*This article was released before the Sunland Derby and the firestorm of the New York Times article.*
Even though horses who have started in the Sunland Derby and Sunland Oaks have gone on to do well on the national stage, it seems many in the thoroughbred industry still look down their nose at New Mexico’s two premier thoroughbred races.
Now that New Mexico horse racing has been shown in such a negative light, I wonder if the Sunland Derby’s Grade III status will be yanked. The grading process is long, arduous, and at times baffling. Each year some races are added, others are dropped. Most of the time the reasons are evident, but there are times when the committees decicions make your scratch your head and wonder. Sunland Park Racetrack’s owner Stan Fulton and General Manager Harold Payne worked long and hard to get a thoroughbred graded race. If for no other reason, I hope that the Sunland Derby and Oaks are huge successes as a tribute to the work of these two men.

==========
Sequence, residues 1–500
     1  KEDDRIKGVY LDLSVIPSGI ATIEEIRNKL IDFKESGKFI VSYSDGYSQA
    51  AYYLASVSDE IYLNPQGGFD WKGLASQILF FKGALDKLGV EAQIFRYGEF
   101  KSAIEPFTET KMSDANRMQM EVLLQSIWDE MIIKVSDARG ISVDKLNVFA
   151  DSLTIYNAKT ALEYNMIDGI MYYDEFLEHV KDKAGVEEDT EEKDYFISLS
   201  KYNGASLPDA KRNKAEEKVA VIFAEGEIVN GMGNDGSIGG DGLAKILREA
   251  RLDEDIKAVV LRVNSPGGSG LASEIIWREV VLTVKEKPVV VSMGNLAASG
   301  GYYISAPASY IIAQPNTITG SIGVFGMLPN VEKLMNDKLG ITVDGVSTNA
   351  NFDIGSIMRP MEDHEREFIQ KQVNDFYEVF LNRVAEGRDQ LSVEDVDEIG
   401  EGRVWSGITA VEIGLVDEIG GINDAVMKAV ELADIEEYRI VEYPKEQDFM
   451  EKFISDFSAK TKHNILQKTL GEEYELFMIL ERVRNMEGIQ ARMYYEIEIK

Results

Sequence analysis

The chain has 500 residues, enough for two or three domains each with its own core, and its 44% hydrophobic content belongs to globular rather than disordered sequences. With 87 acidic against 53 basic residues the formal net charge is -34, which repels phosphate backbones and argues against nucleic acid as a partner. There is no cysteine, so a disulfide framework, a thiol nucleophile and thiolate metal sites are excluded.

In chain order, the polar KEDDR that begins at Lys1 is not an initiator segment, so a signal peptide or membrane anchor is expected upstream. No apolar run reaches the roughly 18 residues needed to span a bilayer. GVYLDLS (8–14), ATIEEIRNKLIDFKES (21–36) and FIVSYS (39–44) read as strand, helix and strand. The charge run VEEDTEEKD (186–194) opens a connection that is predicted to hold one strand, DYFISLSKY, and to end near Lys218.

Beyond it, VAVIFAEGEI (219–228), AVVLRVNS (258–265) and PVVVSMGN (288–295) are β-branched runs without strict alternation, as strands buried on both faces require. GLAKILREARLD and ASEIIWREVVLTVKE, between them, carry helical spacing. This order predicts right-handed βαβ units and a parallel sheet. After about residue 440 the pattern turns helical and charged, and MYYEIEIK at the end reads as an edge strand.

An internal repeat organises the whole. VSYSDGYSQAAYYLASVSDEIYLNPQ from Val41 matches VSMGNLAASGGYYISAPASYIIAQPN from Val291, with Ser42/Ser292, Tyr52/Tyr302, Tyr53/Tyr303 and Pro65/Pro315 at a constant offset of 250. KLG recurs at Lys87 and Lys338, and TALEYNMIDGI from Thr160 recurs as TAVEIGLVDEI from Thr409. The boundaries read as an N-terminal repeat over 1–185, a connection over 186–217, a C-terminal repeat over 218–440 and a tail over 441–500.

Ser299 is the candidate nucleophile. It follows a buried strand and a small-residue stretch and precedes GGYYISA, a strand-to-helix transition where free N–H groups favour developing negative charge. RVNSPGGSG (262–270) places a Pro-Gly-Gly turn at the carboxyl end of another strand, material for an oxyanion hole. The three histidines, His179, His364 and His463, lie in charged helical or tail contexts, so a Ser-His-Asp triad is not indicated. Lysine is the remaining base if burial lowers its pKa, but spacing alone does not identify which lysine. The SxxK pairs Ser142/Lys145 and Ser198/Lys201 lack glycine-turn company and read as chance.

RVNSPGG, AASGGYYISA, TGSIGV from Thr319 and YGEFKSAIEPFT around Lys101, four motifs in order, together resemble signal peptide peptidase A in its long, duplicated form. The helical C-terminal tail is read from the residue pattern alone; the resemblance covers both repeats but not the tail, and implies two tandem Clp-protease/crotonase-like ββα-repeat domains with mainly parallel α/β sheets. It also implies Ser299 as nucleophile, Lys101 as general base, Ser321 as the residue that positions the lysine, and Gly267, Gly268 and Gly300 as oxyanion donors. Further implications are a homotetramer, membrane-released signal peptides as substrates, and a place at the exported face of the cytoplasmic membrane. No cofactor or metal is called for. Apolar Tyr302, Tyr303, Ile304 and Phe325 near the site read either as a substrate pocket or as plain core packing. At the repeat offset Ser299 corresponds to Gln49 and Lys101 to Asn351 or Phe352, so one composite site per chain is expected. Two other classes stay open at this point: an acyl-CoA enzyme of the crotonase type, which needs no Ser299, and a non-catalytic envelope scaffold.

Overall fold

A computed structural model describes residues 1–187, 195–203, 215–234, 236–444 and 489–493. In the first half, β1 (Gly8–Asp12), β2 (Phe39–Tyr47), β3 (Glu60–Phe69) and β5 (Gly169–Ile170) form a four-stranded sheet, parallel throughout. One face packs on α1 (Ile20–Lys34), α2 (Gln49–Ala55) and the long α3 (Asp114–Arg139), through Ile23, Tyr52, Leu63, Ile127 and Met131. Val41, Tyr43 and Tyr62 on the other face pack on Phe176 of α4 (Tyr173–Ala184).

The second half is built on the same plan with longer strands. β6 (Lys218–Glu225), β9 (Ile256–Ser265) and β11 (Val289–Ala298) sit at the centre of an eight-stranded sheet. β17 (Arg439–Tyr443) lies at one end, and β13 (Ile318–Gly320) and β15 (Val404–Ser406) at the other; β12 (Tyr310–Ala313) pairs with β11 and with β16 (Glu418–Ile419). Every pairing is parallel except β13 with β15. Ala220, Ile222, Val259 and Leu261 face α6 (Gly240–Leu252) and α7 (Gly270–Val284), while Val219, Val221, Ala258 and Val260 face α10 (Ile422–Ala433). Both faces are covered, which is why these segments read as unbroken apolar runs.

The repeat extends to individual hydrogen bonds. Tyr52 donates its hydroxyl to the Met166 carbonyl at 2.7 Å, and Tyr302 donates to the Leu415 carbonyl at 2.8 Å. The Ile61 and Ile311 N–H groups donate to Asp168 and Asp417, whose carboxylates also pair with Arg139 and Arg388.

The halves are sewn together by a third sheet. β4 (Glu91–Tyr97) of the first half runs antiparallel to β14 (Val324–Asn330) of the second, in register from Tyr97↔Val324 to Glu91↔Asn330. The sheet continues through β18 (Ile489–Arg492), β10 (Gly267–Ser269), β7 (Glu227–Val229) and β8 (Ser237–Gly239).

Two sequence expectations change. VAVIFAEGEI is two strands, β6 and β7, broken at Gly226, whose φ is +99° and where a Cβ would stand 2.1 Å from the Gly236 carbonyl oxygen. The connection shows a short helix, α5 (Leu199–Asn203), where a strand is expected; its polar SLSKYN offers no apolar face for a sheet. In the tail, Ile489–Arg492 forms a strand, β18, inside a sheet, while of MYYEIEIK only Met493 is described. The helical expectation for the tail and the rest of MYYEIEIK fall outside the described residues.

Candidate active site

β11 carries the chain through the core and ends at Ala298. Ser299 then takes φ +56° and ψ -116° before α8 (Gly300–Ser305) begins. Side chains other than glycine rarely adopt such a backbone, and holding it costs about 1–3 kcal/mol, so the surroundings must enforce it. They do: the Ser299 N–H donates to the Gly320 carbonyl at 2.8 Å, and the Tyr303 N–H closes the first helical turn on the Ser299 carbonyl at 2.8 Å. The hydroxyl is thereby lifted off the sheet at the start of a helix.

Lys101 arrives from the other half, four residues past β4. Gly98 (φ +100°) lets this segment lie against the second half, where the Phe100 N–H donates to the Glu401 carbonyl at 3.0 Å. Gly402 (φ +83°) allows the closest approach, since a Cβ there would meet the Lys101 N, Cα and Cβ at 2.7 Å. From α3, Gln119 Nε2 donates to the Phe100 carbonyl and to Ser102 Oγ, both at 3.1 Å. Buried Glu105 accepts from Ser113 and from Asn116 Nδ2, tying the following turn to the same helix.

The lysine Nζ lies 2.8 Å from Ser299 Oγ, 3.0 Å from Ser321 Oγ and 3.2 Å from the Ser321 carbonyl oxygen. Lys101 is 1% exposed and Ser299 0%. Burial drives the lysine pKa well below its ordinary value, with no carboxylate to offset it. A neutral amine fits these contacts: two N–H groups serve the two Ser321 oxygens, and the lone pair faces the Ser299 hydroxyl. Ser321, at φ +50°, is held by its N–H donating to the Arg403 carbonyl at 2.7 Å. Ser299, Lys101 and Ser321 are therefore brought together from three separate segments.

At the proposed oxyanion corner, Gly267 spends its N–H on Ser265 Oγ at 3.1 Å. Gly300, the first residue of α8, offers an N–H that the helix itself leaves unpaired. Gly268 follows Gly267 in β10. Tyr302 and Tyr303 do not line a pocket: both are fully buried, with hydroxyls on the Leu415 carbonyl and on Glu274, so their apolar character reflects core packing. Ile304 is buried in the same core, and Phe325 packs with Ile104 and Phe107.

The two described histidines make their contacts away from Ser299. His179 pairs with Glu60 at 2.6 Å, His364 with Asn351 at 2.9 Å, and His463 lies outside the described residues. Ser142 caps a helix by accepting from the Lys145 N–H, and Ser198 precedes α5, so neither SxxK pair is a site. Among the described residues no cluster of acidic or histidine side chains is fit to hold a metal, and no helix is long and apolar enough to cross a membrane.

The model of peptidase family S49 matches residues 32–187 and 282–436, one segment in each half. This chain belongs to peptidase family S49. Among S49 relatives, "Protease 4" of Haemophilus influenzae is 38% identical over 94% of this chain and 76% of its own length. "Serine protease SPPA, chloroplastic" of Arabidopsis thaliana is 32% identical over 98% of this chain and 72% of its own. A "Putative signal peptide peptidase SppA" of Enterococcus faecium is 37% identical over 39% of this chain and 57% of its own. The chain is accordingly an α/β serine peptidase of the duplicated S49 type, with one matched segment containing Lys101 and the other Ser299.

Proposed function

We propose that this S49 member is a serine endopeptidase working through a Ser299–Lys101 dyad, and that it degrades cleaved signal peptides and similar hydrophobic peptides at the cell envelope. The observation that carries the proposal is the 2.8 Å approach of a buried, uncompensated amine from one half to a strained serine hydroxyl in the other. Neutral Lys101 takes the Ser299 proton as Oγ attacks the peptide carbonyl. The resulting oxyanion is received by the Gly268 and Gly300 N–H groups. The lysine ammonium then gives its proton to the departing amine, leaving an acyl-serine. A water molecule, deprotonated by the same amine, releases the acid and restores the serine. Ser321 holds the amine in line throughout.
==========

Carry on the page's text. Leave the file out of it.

I for one will be following the horses that started in the Sunland Derby and rooting for them to do well.
He said it and nailed it on the nose. “Eight hundred thousand isn’t what it used to be,” insisted Dustin Dix, Sunland Park director of racing operations and the man who put together the $800,000 Sunland Derby, to be run Sunday at Sunland Park.
Read Sunland Park Racetrack’s Dustin Dix’s take on the Sunland Derby’s purse and history at: Hovdey: Even $800,000 can’t always buy the best